February 4, 2010
From left to right, Katherine Brown, Peter Giles, and Kristen Staffaroni
Any educator will tell you that one secret to successful teaching connects subject matter to real-world examples. That’s why teachers often seek opportunities to participate in an event that they can use to bring the real world back to their classroom. When it comes to math and science, going for a flight can help teachers make learning fun and give students an incentive to learn: It’s much more interesting to learn mathematical principles from a teacher talking about “the Cessna I rode in yesterday.” On Feb. 1, three program coordinators at the New York City Center for Space & Science Education (NYCCSSE) received a tour of the Westchester County Airport; their tour included the airport operations, such as maintenance, security and emergency services, hangars, and aircraft. After a brief lunch at the airport restaurant, the program coordinators saw FBO and flight service operations.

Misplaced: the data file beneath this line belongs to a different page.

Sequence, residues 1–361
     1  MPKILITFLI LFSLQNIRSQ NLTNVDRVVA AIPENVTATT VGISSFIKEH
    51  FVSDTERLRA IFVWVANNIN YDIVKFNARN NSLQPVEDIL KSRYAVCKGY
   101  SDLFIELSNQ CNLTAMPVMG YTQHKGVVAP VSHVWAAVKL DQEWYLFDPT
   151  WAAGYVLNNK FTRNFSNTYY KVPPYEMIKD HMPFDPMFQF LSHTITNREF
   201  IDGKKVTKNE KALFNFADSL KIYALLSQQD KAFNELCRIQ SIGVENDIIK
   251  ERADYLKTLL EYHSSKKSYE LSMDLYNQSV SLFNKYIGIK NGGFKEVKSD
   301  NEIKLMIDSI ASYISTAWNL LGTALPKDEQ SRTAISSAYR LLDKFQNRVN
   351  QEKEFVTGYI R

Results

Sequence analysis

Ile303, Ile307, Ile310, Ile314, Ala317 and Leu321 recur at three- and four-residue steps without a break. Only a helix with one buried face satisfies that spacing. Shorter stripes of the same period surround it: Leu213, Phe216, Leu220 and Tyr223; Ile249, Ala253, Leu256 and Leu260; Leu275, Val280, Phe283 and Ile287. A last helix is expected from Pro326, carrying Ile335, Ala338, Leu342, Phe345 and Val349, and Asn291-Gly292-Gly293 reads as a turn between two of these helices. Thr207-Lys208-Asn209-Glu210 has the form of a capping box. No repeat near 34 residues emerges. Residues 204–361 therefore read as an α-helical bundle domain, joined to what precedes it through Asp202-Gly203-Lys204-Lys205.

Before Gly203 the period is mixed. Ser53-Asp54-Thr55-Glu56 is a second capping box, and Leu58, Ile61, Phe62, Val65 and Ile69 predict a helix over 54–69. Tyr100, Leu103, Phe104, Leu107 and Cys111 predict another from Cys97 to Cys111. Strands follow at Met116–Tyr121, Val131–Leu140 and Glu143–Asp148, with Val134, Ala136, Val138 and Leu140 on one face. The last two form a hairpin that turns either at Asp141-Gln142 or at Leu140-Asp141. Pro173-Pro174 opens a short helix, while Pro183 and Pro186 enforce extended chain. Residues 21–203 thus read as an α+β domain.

Their tours concluded with discovery flights donated by the Westchester Aviation Association (WAA).
The NYCCSSE provides out-of-classroom experiences for students; the coordinators have the ability to augment their lesson plans for this experience with real-world technologies. The instructors promised to bring back their experience to the classroom.
AOPA Airport Support Network volunteer Ken Paskar worked with AOPA Northeast Regional Representative Craig Dotlo, the FAA Safety Team, and the WAA to arrange the tour and flights; airport officials and FBO staff guided the educators through the tour.
“Our ASN volunteers are highly encouraged to go out and improve the perception and neighborhood standing of their airports,” said Greg Pecoraro, AOPA vice president of airports and state advocacy. “By encouraging others, whether they be an elected official, teacher, or the child sitting on the fence watching the airplanes take off, we become good stewards of the airport and good neighbors to the community.”
Pilot responsibilities include requesting clarification or amendment whenever the pilot does not fully understand a clearance or considers it unacceptable from a safety standpoint.
Continental Motors announced FAA certification of its IO-360-AF six-cylinder engine that can be operated with 100LL avgas or unleaded 91UL fuel.
The caustic combination of crosswind and an ice-crusted runway sent the aircraft skidding into a snow bank built up by plowing along the runway edge.
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